‘Machete’ movie review: Danny Trejo in Robert Rodriguez madness

Machete started life as a “fake” trailer that preceded the theatrical release of the Tarantino/Rodriguez double feature Grindhouse; response was so good that director Robert Rodriguez decided to adapt it into a feature film. 

Another trailer, Hobo with a Shotgun (which preceded the Canadian release of Grindhouse), has also been adapted into a feature-length film. I wonder if a precedent has been set.

That Machete trailer was a perfect little piece of filmmaking, and probably better than the actual movie. But the movie delivers the goods (all scenes and themes accounted for) and then some: numerous additional characters and subplots, and even a socio-political message.

Machete (played by instantly-recognizable character actor Danny Trejo) is a Mexican Federale whose wife is murdered before his eyes by drug lord Torrez (Steven Segal). 

Segal, in his first theatrically-released film in nearly a decade, is hugely disappointing here: too soft-spoken to effectively play a villain in an exploitation movie, too past-his-prime for any convincing combat. Thankfully, there are no less than three other actors chewing up the scenery in villain roles.

Three years later, Machete shows up outside a Texas taco stand looking for work as a day laborer. The stand is run by Luz (Michelle Rodriguez), who fights for the illegal aliens that surround her, and monitored by Yvette (Jessica Alba), a policewoman tracking illegals. 

Another policeman, Von Jackson (Don Johnson), enjoys hunting and killing illegal aliens for sport; in his first scene, he shoots a pregnant woman, rationalizing “if it’s born here, it becomes a US citizen.”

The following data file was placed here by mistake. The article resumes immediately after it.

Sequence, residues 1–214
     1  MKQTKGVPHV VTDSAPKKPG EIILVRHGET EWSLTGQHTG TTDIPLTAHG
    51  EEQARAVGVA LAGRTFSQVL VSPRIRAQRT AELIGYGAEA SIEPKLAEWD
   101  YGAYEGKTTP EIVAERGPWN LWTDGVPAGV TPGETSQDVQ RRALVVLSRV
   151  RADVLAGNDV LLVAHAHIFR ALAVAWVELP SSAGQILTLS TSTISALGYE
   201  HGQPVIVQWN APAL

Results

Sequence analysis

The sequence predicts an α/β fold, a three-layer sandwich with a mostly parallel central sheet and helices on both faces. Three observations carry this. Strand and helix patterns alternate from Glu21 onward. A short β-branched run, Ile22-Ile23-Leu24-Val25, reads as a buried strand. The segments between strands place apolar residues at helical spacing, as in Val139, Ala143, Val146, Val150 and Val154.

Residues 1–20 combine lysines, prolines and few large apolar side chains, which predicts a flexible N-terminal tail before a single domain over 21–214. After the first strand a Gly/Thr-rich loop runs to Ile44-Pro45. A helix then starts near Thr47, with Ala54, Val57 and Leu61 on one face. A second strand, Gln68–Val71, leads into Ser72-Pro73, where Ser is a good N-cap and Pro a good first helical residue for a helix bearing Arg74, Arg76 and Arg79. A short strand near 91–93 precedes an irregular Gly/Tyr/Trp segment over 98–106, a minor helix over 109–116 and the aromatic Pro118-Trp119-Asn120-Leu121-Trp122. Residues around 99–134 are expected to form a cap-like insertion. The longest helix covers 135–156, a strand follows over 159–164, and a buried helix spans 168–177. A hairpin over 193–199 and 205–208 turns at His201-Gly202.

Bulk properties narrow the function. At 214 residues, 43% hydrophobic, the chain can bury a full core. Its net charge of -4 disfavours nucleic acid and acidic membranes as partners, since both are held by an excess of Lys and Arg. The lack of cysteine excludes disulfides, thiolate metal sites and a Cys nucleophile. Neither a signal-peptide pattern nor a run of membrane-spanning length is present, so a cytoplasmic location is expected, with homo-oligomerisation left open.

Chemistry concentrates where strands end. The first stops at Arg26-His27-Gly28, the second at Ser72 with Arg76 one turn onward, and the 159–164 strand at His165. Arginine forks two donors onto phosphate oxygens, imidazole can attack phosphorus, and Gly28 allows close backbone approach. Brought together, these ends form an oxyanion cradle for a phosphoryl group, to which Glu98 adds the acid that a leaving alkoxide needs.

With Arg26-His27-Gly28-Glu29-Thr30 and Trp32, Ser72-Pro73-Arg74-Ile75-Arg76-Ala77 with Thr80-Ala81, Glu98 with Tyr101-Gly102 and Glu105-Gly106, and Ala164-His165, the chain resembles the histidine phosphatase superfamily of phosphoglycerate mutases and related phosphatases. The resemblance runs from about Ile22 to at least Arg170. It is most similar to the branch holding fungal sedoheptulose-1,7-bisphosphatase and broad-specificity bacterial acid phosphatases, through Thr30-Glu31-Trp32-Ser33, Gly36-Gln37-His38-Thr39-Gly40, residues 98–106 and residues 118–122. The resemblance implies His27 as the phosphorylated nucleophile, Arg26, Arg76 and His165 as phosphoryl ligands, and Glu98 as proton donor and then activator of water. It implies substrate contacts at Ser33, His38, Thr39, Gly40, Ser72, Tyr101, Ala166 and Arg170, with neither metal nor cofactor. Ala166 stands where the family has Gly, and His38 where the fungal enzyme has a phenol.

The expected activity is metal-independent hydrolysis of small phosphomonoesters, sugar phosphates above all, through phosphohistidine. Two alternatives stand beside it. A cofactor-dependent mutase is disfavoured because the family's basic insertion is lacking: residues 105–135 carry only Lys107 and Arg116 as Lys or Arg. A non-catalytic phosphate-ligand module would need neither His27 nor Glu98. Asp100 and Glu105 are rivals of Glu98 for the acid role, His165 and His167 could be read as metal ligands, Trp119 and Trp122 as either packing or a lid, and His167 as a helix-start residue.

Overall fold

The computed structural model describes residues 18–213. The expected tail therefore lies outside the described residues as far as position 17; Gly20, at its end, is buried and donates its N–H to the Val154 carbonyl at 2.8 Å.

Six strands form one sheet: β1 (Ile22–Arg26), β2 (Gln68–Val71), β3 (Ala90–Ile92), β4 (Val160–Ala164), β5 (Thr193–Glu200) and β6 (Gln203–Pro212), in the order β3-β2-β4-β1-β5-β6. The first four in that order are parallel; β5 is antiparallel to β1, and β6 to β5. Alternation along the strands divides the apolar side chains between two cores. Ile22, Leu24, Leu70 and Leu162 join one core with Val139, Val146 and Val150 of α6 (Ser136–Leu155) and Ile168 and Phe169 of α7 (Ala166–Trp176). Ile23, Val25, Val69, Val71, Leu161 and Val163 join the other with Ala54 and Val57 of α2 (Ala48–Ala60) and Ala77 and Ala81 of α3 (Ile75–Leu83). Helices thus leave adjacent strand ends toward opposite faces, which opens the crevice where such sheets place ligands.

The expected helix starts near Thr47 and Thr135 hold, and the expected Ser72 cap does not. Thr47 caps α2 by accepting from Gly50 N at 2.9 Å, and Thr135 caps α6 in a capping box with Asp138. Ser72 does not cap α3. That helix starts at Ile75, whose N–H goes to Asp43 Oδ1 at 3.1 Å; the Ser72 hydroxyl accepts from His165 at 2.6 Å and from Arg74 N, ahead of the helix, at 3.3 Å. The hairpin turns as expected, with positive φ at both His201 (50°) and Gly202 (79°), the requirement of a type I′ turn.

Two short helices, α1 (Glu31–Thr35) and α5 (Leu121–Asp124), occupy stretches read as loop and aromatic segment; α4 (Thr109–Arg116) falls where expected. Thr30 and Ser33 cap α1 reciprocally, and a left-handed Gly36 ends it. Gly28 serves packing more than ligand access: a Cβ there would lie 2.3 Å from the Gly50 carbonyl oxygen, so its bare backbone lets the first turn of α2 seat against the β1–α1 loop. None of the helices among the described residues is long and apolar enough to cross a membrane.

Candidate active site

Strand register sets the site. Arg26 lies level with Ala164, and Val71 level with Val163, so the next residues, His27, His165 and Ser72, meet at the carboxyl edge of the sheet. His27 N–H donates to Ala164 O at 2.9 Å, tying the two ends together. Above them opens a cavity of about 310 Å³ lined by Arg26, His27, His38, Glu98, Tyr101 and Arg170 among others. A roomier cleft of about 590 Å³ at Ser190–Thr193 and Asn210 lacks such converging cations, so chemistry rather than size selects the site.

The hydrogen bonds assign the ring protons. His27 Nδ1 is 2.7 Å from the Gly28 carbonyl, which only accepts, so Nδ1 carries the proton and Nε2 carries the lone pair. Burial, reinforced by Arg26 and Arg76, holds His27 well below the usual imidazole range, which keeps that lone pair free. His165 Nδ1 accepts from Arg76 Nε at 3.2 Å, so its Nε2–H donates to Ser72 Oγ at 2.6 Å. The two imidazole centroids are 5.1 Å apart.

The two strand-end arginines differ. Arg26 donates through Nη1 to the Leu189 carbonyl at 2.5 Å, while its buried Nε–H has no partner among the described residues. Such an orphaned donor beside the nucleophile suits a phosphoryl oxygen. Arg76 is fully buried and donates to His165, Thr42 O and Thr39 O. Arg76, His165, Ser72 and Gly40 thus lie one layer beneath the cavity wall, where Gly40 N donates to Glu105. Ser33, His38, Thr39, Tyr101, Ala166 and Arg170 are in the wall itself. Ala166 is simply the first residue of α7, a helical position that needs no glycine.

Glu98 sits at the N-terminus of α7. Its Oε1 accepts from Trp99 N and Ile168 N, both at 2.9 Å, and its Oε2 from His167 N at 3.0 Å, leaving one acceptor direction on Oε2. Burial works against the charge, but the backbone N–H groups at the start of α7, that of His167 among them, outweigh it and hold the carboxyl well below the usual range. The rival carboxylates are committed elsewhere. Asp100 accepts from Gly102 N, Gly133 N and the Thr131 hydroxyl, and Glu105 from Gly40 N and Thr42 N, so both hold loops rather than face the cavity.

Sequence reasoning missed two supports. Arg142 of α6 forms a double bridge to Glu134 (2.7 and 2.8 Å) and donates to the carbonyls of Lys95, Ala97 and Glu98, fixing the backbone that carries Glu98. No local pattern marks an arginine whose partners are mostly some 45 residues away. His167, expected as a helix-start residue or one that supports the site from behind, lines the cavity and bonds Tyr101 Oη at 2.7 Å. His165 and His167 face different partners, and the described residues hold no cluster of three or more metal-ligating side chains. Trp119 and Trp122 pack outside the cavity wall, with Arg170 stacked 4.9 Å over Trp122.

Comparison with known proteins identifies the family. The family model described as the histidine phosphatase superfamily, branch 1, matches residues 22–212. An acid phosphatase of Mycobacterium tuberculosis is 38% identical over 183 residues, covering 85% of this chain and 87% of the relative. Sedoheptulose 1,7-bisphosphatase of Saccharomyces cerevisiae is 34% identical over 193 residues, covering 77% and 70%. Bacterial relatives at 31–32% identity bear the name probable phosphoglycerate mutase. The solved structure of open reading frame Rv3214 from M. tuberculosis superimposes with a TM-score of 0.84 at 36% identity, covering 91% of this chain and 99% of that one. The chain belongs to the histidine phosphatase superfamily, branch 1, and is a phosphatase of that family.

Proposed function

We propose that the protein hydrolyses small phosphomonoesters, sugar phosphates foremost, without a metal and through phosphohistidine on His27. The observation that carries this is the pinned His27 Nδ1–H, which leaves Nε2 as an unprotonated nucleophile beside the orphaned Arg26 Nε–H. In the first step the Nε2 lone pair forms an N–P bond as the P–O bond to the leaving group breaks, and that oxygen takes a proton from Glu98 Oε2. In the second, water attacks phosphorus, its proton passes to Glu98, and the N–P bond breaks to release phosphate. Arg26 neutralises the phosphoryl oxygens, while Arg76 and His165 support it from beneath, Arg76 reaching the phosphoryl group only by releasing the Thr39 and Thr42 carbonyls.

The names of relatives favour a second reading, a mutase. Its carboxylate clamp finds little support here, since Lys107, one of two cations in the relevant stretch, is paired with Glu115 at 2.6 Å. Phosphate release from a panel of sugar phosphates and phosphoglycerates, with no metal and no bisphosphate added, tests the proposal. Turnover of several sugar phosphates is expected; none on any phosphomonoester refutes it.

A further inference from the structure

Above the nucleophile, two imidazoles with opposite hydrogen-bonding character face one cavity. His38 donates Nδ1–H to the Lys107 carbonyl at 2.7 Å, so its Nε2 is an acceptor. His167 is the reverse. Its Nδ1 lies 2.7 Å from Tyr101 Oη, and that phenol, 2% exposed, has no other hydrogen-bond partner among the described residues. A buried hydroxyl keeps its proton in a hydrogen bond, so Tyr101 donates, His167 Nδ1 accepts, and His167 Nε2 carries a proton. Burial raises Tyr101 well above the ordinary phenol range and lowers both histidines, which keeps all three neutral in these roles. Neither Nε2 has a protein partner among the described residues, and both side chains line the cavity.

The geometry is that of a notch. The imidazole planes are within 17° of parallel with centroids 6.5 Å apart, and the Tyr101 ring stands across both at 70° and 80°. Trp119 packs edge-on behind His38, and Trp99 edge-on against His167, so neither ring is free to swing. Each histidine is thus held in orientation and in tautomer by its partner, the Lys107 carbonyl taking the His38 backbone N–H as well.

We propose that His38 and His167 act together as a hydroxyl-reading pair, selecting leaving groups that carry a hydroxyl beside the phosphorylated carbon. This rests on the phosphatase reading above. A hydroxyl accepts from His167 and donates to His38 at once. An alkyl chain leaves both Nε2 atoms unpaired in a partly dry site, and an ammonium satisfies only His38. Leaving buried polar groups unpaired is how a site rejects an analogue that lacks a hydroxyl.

Machete finds work, but not the kind he’s looking for: businessman Michael Booth (Jeff Fahey) hires him to assassinate Senator John McLaughlin (Robert De Niro), who is basing his re-election campaign on getting rid of the illegals in Texas, and building an electric fence to keep them out. Fahey steals the show here with a surprisingly mannered performance; De Niro has less to do, but hams it up wonderfully when he gets the chance.

Like the individual Grindhouse releases, Machete has been modeled after a 1970s exploitation film, and it effectively captures the feel: it plays fast, loose, and unfocused (like most of the director’s films), with excessive cartoon violence and gratuitous nudity. Of course, modeling a movie after low-budget drive-in fare – no matter how well it’s done – isn’t going to appeal to everybody.

What surprised me about Machete was the timely, relevant issue of illegal immigration. Now, it brings almost nothing to the table – the good guys are illegal aliens, the bad guys are anti-immigration, and that’s about the extent of it – but it’s right there, front and center throughout. Rodriguez deserves some amount of admiration for this alone.

My one real qualm here – and it’s the same problem I had with Sylvester Stallone’s similarly-realized The Expendables – is the overuse of CGI, particularly in explosion and blood splatter effects. That’s the one thing on prominent display here that you wouldn’t find in a 70s exploitation movie, and it always kills the vibe when it’s too noticeable.


Jason Pirodsky

Jason Pirodsky

Jason Pirodsky has been writing about the Prague film scene and reviewing films in print and online media since 2005. A member of the Online Film Critics Society, you can also catch his musings on life in Prague at expats.cz and tips on mindfulness sourced from ancient principles at MaArtial.com.

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